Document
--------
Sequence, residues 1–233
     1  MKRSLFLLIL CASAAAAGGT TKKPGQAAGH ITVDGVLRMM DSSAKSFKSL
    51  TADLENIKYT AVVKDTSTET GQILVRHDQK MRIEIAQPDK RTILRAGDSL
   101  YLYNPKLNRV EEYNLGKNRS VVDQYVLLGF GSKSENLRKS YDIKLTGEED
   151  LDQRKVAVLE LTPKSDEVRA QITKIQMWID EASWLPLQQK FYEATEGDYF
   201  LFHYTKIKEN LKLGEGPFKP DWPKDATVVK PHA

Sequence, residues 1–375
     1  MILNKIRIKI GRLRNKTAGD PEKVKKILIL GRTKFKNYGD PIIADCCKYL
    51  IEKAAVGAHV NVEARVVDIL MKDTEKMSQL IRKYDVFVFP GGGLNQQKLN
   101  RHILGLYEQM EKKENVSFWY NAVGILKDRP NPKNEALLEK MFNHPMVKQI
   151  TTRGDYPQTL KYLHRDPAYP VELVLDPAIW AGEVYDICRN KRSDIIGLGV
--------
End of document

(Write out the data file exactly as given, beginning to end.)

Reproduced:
Sequence, residues 1–233
     1  MKRSLFLLIL CASAAAAGGT TKKPGQAAGH ITVDGVLRMM DSSAKSFKSL
    51  TADLENIKYT AVVKDTSTET GQILVRHDQK MRIEIAQPDK RTILRAGDSL
   101  YLYNPKLNRV EEYNLGKNRS VVDQYVLLGF GSKSENLRKS YDIKLTGEED
   151  LDQRKVAVLE LTPKSDEVRA QITKIQMWID EASWLPLQQK FYEATEGDYF
   201  LFHYTKIKEN LKLGEGPFKP DWPKDATVVK PHA

Sequence, residues 1–375
     1  MILNKIRIKI GRLRNKTAGD PEKVKKILIL GRTKFKNYGD PIIADCCKYL
    51  IEKAAVGAHV NVEARVVDIL MKDTEKMSQL IRKYDVFVFP GGGLNQQKLN
   101  RHILGLYEQM EKKENVSFWY NAVGILKDRP NPKNEALLEK MFNHPMVKQI
   151  TTRGDYPQTL KYLHRDPAYP VELVLDPAIW AGEVYDICRN KRSDIIGLGV